The question, he writes, is whether everyone who cares about the environment is obliged to make climate the overriding priority".

Perhaps when he argues that "drastic planetary overheating is a done deal", i.e. that all that is possible now is a postponement of human catastrophe, not prevention" is when he really got to the climate hawks.

We can claim he is wrong, but the evidence so far does seem to be on his side.

Tom Gray said...

Interestingly, ABC has also been the most strident anti-windpower group within the birding and wildlife NGO community (even going so far as to run anti-wind advertisements on the DC Metro system, something that isn't cheap).

I've watched with bemusement and, of course, some disappointment as it has taken this stance, which arguably is not a good thing for birds at all (bird collisions with wind turbines, a scalable source of zero-carbon electricity, are an infinitesimal part of the overall picture of anthropogenic bird deaths). I've chalked it up to ABC competing with Audubon for members and dollars, though I've always wondered if there were some fossil fuel money in the background somewhere.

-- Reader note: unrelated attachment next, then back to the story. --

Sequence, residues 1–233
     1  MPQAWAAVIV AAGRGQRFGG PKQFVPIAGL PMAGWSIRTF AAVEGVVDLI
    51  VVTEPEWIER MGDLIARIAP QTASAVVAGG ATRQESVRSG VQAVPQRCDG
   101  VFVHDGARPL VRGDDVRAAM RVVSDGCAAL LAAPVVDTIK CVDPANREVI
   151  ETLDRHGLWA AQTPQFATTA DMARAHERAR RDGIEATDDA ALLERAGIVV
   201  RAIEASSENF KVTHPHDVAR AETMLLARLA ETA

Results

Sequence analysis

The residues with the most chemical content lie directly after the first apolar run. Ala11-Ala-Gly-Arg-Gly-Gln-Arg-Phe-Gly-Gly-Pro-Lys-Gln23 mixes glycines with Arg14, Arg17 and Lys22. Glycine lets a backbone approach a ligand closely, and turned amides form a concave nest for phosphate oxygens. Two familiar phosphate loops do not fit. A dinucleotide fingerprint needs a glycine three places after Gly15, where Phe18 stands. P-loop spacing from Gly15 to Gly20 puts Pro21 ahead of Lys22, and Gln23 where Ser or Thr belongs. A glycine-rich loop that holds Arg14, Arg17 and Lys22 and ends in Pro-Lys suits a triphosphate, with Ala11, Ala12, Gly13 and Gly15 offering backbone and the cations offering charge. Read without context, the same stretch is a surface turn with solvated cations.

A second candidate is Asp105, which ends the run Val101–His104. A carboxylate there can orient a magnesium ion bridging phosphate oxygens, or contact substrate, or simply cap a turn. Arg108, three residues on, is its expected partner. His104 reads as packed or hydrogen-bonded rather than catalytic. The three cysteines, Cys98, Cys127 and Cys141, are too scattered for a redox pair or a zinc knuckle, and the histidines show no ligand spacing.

EliRabett said...

The most amazing piece of evolution is how bird adapted to telephone and electric wires. IEHO putting nesting places onto windmills would be an interesting way of shutting the Franzens down.

http://www.bioone.org/doi/abs/10.1525/auk.2013.12187

Russell Seitz said...

Eli shuld give us Ethon's views on the evolutionary potential of adaptations to the emerging turbine blade habitat.

Selection for stronger sharper claw phenotypes should lead to blade perching raptors that let the wind do the work of moving them past flyby prey, the cost of the drag penalty being subsidized by species that pay electrical bills.

Brian said...

John - I'd love to read the book. Please shoot me an email, schmidtb98 at yahoo.com

Jim Steele said...